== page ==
I supposed it could also just be due to a few companies having a lock on an enterprise hardware market.


It doesn't really matter if they have a body camera because the courts never convict them anyway


That's not exactly correct. There are several factors here. A big one is that prosecutors (whose jobs depend on police cooperation) have been reluctant to go against police; this probably won't change with video evidence. However, another factor is that jurors are currently inclined to take the police officer's word for it in he-said-she-said type cases, and this may change if bodycam video evidence becomes more plentiful.


Huh so the cops think giving cops the ability to search for punishable behavior might be an issue...


would you want a body camera at your work? You wouldn't I'm sure. Don't blame them for looking for their interest. It's someone else's job to (politicians) to legislate the use of it.


> Don't blame them for looking for their interest.

Blame everybody for only looking out for their own interest, from scammers to corrupt politicians to short-sighted investors to oil execs. Otherwise it's just status-quo infinite whack-a-mole and we see how well that's going.


In my job, I'm not provided a set of lethal and non-lethal weapons. In my job, I am not given the ability to detain anyone. In my job, when someone aggravates me, I do not have issued weapons to use against the aggressor. In my job, I'm not allowed to use deadly force because I feel threatened. I blame them 100% for only looking out for themselves and not the citizens they are sworn to protect.


What a poor analogy. My job doesn't have anything to do with being the sole arbiter of violence and defusing dangerous situations at the trust and expense of taxpayers and local citizens.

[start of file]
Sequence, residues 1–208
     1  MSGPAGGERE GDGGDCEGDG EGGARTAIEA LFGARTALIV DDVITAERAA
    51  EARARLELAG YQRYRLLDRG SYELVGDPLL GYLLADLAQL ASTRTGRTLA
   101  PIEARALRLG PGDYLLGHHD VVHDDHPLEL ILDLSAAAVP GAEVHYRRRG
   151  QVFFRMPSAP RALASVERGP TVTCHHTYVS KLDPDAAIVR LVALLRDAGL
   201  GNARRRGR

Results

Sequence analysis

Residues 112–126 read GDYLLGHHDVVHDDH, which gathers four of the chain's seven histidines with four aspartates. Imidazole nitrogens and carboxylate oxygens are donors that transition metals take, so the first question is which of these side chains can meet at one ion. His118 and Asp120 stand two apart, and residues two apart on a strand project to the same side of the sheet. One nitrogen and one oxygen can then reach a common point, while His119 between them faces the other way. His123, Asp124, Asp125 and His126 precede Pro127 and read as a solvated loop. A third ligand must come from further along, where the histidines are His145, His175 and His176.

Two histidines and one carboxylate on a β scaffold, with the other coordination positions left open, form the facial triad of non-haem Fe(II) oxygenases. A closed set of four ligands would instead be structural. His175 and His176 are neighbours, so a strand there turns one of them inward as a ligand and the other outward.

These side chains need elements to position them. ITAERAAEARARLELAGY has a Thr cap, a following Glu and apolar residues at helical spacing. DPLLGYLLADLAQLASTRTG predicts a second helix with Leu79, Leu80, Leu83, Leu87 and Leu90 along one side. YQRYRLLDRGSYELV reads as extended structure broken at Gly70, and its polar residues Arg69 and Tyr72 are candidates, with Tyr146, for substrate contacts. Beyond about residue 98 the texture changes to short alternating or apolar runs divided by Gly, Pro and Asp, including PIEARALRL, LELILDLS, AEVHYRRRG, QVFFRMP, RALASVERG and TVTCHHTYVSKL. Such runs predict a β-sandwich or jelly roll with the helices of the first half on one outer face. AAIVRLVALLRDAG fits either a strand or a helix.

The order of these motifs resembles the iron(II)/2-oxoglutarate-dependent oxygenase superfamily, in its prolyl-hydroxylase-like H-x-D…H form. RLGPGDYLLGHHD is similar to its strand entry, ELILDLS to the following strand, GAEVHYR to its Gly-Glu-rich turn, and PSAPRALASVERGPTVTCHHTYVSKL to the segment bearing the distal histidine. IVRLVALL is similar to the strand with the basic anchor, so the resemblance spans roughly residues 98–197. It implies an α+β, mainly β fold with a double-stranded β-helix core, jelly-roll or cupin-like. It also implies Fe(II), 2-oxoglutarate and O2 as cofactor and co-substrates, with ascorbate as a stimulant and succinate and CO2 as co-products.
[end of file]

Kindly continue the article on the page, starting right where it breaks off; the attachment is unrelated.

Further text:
If they don't want accountability as police officers, they can go find another job.

> Don't blame them for looking for their interest.

I can, I will and I will argue that it is my moral obligation to ensure that the public servants are acting in the best interest of the public as a citizen. But thanks for your concern.


"giving superior officers licence to search them for punishable behaviour" seems like a legitimate concern. You seem to be assuming that the "superior officers" will have "the best interests of the public" as their sole motivation. In my experience that is rarely true of ladder climbers. By not dealing with this concern you could easily end up making things worse.


If "punishable behaviour" is appropiately limited to things like assault and evidence planting, then this is irrelevant, and superior officers should even be required to preform such searches.

If "punishable behaviour" includes things like slacking off to stop by dunkin donuts, the problem is with what qualifies as punishable behaviour, not the ability to search for it.


You might be missing the point. Assuming that all the good guys are supervisors and all the bad guys are the supervised is an unwise assumption to make. The bad guys can simply become supervisors and weed out the good guys. Entire police departments have been corrupted in this fashion. If you over simplify the problem the solution is unlikely yield the desired result.